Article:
Monday, 23 July 2007

It's a hospital, it's not a prison

“Can I go home, doctor?”

This is a question that patients frequently ask me. Hospitals aren’t prisons and patients are free to come and go as they please, I always tell my patients this and it turns out that most of the time, what they’re really asking is:

“Do you think I’ll be OK at home, doctor?”

which is obviously a totally different question. I’ll give my opinion and if I think he or she should stay in hospital, I’ll say so and the patient can choose to follow or ignore my advice as they wish. At the end of the day, it’s their life and they can decide what to do with it so I don’t generally get het up when patients ignore what I say and discharge themselves against medical advice.

Sometimes though, when I REALLY believe the patient could get into serious strife if they leave, I’ll do my best to try and persuade them to stay.

Let me tell you a story about a man called Jack.

Jack liked to have the occasional beer or 12 and he was the kind of guy who just loved regaling you with stories about the fights he’d been in. Jack came to my ward after having a seizure. The day after his seizure, Jack felt totally fine again. Dr Fletcher, the consultant, wanted to get a CT scan of Jack’s brain to help decide if Jack’s seizure was related to alcohol, epilepsy or something else, like a brain tumour.

Unfortunately, the CT scanning machine broke down so Jack had to wait a couple of days to get is scan. Jack wasn’t too happy about being stuck in hospital while he felt fine but was willing to wait to have his scan just so long as he was home in time for his daughter’s 8th birthday.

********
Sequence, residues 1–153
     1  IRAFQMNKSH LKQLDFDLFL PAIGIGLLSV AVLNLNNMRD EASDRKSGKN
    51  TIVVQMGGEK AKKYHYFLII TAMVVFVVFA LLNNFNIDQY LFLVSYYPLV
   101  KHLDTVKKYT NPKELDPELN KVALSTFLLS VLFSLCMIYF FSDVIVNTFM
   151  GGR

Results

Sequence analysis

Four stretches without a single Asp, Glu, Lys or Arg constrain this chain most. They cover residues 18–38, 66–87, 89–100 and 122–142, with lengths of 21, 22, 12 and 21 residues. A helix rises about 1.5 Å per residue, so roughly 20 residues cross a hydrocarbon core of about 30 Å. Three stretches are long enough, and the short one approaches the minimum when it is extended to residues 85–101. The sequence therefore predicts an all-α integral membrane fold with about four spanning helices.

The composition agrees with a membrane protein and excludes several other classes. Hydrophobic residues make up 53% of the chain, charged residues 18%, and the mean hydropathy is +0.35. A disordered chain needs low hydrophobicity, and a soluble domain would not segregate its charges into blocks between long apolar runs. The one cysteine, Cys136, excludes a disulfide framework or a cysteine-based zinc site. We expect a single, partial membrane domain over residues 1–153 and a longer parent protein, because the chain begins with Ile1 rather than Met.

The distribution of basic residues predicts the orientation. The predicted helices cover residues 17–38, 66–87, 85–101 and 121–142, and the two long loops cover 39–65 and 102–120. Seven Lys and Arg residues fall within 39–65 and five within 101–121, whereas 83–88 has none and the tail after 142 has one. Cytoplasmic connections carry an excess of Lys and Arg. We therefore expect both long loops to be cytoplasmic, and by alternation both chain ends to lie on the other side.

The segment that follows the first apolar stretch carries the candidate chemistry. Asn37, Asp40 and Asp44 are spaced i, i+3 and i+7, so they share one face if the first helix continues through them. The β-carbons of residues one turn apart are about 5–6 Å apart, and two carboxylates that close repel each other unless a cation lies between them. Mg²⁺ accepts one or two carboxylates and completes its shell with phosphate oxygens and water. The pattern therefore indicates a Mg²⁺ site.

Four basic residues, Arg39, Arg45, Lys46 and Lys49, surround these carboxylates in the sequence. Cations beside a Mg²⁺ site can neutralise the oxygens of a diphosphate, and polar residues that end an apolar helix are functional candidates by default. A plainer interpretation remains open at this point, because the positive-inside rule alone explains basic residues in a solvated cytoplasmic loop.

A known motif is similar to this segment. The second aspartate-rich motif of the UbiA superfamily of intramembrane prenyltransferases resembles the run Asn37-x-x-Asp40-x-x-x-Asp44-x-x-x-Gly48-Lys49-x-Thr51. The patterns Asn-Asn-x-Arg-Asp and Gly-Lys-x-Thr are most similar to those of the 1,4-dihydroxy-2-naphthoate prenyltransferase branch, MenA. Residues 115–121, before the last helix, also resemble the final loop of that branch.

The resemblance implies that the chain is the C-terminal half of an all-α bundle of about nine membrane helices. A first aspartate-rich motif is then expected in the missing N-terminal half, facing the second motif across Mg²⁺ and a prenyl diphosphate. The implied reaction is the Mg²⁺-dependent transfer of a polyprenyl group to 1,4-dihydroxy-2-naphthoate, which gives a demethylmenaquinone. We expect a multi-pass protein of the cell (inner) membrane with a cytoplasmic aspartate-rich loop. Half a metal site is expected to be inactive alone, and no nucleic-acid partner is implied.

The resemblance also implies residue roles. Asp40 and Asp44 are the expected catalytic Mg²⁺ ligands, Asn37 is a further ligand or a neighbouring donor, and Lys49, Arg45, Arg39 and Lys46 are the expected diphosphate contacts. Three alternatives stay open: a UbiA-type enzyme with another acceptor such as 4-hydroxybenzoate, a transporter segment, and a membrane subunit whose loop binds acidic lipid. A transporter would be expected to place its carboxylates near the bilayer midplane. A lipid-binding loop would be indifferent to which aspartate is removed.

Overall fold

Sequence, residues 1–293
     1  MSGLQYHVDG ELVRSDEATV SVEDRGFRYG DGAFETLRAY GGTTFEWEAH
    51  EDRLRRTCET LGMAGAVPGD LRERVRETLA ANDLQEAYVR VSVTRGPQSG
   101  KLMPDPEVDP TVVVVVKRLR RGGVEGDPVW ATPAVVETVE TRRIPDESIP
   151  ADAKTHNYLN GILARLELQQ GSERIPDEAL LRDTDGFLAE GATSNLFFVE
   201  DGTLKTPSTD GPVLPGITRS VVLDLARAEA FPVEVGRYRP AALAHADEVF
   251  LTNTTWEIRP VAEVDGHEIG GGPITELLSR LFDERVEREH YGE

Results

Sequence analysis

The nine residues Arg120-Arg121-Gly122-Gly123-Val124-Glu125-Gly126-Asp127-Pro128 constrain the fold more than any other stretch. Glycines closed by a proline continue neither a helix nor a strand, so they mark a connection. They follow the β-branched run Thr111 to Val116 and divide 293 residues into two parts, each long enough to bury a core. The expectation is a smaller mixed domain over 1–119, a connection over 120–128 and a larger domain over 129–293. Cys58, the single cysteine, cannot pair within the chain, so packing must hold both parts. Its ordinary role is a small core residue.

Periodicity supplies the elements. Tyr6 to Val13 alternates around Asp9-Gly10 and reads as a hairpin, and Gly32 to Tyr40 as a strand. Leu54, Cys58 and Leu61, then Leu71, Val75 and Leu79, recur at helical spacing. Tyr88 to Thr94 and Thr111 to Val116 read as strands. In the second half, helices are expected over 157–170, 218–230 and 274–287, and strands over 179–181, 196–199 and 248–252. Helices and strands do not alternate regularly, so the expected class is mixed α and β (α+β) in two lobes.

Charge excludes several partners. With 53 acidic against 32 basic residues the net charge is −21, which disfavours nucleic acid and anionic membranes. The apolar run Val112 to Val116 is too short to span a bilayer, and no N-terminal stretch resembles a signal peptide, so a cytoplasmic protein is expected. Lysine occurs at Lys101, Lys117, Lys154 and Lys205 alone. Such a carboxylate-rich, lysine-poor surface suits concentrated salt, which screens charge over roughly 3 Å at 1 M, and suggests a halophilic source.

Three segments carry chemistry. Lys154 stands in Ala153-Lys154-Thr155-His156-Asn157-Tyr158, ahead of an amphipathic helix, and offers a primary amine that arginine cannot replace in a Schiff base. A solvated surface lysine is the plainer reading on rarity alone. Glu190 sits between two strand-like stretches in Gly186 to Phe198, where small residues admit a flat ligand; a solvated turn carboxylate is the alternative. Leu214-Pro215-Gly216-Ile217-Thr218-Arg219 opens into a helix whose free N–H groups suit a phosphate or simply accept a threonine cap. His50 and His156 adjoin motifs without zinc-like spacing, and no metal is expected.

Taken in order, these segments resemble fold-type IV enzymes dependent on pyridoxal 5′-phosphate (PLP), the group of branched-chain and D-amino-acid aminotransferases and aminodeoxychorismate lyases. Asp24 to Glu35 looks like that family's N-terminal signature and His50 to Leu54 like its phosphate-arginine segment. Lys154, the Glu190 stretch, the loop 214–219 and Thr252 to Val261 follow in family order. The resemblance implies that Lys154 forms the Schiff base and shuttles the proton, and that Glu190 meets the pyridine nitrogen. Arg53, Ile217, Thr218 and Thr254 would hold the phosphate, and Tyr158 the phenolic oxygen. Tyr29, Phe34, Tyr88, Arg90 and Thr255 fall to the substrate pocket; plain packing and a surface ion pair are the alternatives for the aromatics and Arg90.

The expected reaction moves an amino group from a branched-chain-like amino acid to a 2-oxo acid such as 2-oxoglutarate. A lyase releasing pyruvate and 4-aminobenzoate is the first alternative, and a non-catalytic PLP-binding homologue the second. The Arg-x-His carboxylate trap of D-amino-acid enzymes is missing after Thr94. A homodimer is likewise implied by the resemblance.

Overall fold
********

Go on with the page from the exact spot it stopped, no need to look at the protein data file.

The day before the birthday, Jack got his scan and the scan result was not good news. It was not good news at all.

The scan showed that Jack was bleeding into his brain.

This meant that he was at a massively increased risk of stroke, paralysis, coma and death. I picked up the phone and spoke to the neurosurgeon on-call and his advice was to get a more detailed (MRI) scan and then send him the films so he could decide if brain surgery was to be recommended.

I went back to Jack’s bedside and explained what the scan showed. I also explained what might happen to him and that we’d like him to stay with us so we could get the more detailed scan and ask the brain surgeons to see him.

Jack furrowed his brow and said, “I’m not staying doctor. I promised my little girl I’ll be there for her birthday, so no matter what – I’m going home tonight.”

I again told him that he was at risk of dying from the bleeding in his brain and that it was much safer for him to be in hospital where we could keep a close eye on him and act quickly if anything happened.
Jack responded “I hear what you’re saying, doctor, but I’m not staying here tomorrow - I can’t.”

As doctors, we have to respect our patient’s right to make decisions about their treatment even if we strongly disagree with them. At the end of the day, it’s THEIR body and THEIR life and this means it’s THEIR decision, not mine.

I went and got Jack a “discharge against medical advice” form, which he signed gladly. I made sure he knew what symptoms to look out for and asked him to come back to hospital immediately if he had any numbness or weakness, if he developed a headache or had any problems speaking or any problems with his vision. I then shook his hand and wished him all the best. I then called up the MRI department and organised an urgent outpatient scan for Jack.

As I watched Jack walk off the ward, it struck me that in this life we must all make our choices and it’s the choices we make that shape how our life develops and ultimately, who we become. I hope Jack made the right choice and I hope he enjoyed a great day with his daughter. Deep down, my gut feeling is that Jack is going to be alright.

I hope I’m right.

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